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Is It Fair to Let Horse Racing Be a Spectator Sport?

Horse racing is the oldest of all sports, but some question whether it’s fair to subject these majestic creatures to such a violent contest. Others think the sport, known as the “Sport of Kings,” is a pure and noble pursuit that may be in need of reforms, but is still fundamentally sound.

Founded in the 1600s, organized horse racing developed from primitive contests of speed and stamina into a huge public-entertainment business that has evolved into a spectacle involving large fields, sophisticated electronic monitoring equipment and immense sums of money. Today, the sport remains popular in North America, but it has a hard time competing with major professional and collegiate team sports for attention. The racer’s skill at coaxing a few yards’ advantage over another horse in a dash-style race makes the sport exciting to watch, and a win can bring enormous riches.

The sport also attracts critics who claim that it’s inhumane, or that the industry has been corrupted by doping and overbreeding. Still, many people say that racing is a way for horses to live out their natural instincts and that it has been an important part of American culture for generations.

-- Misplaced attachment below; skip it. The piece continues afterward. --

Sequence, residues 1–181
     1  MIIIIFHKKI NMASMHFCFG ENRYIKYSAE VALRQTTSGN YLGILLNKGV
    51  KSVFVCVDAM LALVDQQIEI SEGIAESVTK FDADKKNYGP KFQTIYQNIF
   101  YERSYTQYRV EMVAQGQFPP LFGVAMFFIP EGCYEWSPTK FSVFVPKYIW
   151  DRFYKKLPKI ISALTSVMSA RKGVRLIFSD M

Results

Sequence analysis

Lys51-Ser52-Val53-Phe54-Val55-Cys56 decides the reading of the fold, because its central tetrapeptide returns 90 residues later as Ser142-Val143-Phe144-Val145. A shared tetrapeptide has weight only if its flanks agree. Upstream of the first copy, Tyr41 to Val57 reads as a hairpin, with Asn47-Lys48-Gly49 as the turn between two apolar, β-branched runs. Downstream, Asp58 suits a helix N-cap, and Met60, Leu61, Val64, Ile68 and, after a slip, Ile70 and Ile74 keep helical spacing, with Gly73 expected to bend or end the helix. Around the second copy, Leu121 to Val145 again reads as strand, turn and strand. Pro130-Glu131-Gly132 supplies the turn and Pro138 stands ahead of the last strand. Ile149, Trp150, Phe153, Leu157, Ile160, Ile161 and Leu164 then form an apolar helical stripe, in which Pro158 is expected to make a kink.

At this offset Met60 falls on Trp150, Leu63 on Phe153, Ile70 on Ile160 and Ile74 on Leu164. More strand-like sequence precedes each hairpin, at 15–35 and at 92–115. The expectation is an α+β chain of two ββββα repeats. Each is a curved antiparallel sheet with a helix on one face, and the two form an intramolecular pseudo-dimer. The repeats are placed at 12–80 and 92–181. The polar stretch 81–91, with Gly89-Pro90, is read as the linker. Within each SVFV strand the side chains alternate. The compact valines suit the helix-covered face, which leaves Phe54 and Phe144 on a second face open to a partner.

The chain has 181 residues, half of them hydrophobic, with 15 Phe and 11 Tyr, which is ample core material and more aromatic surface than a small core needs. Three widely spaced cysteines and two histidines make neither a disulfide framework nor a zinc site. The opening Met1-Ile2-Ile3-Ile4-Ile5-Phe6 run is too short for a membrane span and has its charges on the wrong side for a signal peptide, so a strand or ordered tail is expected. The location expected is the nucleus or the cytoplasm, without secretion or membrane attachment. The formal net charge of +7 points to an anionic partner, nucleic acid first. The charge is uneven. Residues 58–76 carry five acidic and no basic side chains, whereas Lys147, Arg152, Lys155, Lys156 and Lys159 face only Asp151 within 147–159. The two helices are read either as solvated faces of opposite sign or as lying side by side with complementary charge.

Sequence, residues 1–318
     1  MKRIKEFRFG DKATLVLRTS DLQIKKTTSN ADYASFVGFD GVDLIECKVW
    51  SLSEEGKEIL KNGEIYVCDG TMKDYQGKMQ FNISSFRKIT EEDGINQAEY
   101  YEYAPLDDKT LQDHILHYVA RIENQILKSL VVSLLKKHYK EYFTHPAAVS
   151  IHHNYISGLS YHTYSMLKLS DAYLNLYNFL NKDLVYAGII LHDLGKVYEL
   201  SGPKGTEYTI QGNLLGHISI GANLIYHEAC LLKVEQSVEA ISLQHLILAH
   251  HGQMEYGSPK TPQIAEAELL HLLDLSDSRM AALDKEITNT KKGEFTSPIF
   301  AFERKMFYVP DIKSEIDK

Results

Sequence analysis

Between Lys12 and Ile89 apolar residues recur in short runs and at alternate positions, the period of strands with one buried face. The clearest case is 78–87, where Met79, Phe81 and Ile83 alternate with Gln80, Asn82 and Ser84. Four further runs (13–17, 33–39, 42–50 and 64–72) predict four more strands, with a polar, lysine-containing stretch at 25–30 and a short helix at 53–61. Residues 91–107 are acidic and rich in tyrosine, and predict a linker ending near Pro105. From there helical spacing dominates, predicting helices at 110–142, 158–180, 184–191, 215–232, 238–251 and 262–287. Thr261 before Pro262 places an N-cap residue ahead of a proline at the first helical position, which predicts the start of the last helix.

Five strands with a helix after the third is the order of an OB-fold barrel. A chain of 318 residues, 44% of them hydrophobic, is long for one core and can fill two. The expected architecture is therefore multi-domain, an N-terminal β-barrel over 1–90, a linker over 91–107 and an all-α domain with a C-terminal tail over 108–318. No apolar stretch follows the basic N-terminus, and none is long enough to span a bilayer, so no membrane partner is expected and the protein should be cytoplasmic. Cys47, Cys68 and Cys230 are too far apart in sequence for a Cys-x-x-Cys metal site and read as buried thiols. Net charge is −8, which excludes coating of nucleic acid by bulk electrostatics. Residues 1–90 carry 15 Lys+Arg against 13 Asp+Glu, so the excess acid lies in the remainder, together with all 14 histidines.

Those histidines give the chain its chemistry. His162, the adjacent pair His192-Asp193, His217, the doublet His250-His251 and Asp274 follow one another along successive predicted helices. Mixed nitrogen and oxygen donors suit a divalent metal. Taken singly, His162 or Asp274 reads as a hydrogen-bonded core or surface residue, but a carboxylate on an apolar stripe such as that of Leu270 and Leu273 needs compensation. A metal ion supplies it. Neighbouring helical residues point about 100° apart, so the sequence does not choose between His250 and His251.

In recent years, several major racing venues have closed. Those that remain face financial problems and shrinking audiences. Some blame the decline on the sport’s reluctance to embrace television, which has given rise to other spectator sports such as the NFL and NBA. Others fault horse racing leaders for failing to develop a marketing strategy that would have brought it into the mainstream of the country’s leisure activity.

Some also believe that the sport suffers from a lack of adequate safety measures. A spate of horse deaths in recent years, including 30 at Santa Anita in California last year, has prompted calls for more thoroughbred health and safety reforms.

A major problem with horse racing in the United States is that it operates under a patchwork of rules that vary by state and even by track. Different regulations cover such issues as the use of whips and the types of medication horses can receive. That’s in contrast to other major sports, which have one set of uniform rules.

There are many ways to make horse racing safer, but some of the most important are to establish a national database of equine injuries and fatalities and to require that all horse races meet stricter safety requirements. Those steps might finally put horse racing on the path to genuine reform and away from its current code of silence about abuse and neglect.